Essentially, we created constructor function that is called when the smart contract is first deployed. Within the constructor, we want two arguments from the user - _name and _symbol which specify the name and symbol of our cryptocurrency. Eg. name = Ethereum, symbol = ETH.

What happens after it is more interesting. Immediately after specifying the constructor function, we call ERC20(_name, _symbol).

The ERC20 contract we imported from OpenZeppelin has it's own constructor, which requires the name and symbol parameters. Since we are extending the ERC20 contract, we need to initialize the ERC20 contract when we deploy ours. So, as part of our constructor, we also need to call the constructor on the ERC20 contract.

Therefore, we are providing _name and _symbol variables to our contract, which we immediately pass on to the ERC20 constructor, thereby initializing the ERC20 smart contract.


_mint(msg.sender, 10 * 10 ** 18);
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_mint is an internal function within the ERC20 standard contract, which means that it can only be called by the contract itself. External users cannot call this function.

Since you as the developer want to receive some tokens when you deploy this contract, we call the _mint function to mint some tokens to msg.sender.

_mint takes two arguments - an address to mint to, and the amount of tokens to mint

msg.sender is a global variable injected by the Ethereum Virtual Machine, which is the address which made this transaction. Since you will be the one deploying this contract, your address will be there in msg.sender.

10 * 10 ** 18 specifies that you want 10 full tokens to be minted to your address.


Note: You might be wondering why we did not just write 10 in the amount, instead of 10 ** 18 (which is actually 10 ^ 18).

Essentially, Solidity does not support floating point numbers - that is decimals. Also, since ERC20 tokens deal with money, using floating point numbers is a bad idea.

As an example, consider the simple calculation (1/3) * 3 in a language that supports floating point numbers. What do you think this returns?

If you thought it would return 1, you are wrong.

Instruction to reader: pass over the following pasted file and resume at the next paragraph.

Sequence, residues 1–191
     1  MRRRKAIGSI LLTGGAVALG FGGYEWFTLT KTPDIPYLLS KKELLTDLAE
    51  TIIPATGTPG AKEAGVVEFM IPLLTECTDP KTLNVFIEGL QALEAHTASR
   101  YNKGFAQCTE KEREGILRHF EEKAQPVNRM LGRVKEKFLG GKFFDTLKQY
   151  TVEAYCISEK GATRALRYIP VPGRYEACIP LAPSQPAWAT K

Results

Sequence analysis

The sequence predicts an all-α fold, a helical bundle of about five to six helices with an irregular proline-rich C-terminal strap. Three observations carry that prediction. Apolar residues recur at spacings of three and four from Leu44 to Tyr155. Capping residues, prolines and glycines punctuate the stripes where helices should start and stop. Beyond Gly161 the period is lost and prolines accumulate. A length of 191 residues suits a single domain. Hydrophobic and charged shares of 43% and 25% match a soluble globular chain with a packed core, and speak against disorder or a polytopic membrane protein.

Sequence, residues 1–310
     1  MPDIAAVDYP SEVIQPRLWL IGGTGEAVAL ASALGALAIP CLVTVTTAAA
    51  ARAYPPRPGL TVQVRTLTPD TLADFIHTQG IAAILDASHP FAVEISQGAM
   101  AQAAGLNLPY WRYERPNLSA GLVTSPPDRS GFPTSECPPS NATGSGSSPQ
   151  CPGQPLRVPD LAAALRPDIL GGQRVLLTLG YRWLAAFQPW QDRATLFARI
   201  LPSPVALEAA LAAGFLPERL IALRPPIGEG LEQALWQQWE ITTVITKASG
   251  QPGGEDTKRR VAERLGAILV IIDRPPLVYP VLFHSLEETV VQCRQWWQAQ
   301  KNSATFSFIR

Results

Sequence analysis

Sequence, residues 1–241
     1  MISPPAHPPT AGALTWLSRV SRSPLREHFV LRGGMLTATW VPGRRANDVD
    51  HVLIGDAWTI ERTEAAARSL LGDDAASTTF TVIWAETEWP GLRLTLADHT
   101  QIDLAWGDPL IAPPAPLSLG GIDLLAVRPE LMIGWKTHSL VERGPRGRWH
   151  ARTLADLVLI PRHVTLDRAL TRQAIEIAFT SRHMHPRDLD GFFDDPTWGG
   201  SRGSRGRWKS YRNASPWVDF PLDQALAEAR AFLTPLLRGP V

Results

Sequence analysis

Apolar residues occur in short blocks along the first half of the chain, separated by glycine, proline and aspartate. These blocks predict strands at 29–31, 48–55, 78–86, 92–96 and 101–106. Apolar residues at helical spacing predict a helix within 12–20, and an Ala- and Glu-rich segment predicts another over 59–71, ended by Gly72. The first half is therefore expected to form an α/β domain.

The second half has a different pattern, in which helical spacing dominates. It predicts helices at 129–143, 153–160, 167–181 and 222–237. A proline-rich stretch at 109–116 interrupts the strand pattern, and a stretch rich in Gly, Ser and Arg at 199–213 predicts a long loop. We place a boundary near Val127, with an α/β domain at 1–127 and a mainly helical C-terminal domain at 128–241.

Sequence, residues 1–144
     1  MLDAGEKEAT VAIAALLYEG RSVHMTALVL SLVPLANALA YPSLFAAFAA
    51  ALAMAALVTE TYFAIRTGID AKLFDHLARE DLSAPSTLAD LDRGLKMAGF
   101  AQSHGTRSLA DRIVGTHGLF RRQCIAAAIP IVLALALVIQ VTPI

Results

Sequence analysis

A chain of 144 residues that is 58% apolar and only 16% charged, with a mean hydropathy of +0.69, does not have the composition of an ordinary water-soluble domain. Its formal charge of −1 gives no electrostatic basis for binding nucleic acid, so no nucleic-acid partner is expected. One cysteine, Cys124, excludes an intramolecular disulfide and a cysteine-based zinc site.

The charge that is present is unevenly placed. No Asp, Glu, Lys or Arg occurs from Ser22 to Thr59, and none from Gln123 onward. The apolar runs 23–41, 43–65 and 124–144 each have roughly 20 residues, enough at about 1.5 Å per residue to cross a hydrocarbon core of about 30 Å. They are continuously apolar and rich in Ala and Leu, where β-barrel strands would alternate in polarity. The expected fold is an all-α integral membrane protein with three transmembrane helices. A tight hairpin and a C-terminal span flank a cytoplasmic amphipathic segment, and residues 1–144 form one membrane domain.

Due to inaccuracies in floating point calculations, since computers cannot represent an infinite number of digits, (1/3) * 3 actually yields something like 0.999999999.

As such, when representing financial currencies, decimals are not used due to calculation errors. As an alternative, we represent every currency as an amount relative to the smallest indivisible part of that currency. For example, $1 is represented as 100 cents, since you can't get smaller than 1 cent when dealing with USD. In that numbering system, 1 cent is just 1, not 0.01. $0.33 is represented as 33, not (1/3).

ERC20 tokens by default work with 18 decimal places. So 1 full LW3Token in this case, is actually represented as 10 ^ 18. Therefore, to get 10 full LW3Tokens, we use 10 * 10 ** 18.


Compiling

Compile your contract by either pressing Save (CTRL + S on Windows, Command + S on Mac), or by going over to the Compiler tab in Remix, selecting LW3Token.sol, and hitting Compile.

Deploying

Head over to the Deployer tab in Remix.

Select the Injected Web3 environment (ensure you are on the Rinkeby Test Network), and connect your Metamask wallet.

Select the LW3Token.sol contract, and enter values for the constructor arguments _name and _symbol.

Click Transact and approve the transaction from Metamask to deploy your contract!

When deployed, the contract should show up under the Deployed Contracts section. Click the Copy Address button to copy the contract address.

Go to Rinkeby Etherscan and search for your contract address and you should see it there!

Take a screenshot of it and share it on Discord to show off your newly created token :D

Viewing Tokens in Metamask

You may notice that even though you minted tokens to your address, they don't show up in Metamask.

This is because Metamask cannot detect random ERC20 token balances (since there are literally hundreds of thousands of them). They have a list of the most well known ERC20 tokens that they can show automatically, but apart from that, for your own tokens, you will usually need to tell Metamask to add it to your wallet manually.

To do so:

  • Copy your contract address
  • Open Metamask and click Import Tokens in the Assets tab
  • Enter your Token Contract Address, and it should detect the name and number of decimals automatically
  • Click Add, and you will see your balance in Metamask!

Share a screenshot in the Discord!


Congratulations! You've successfully deployed and minted your own ERC20 token! Onwards and upwards from here!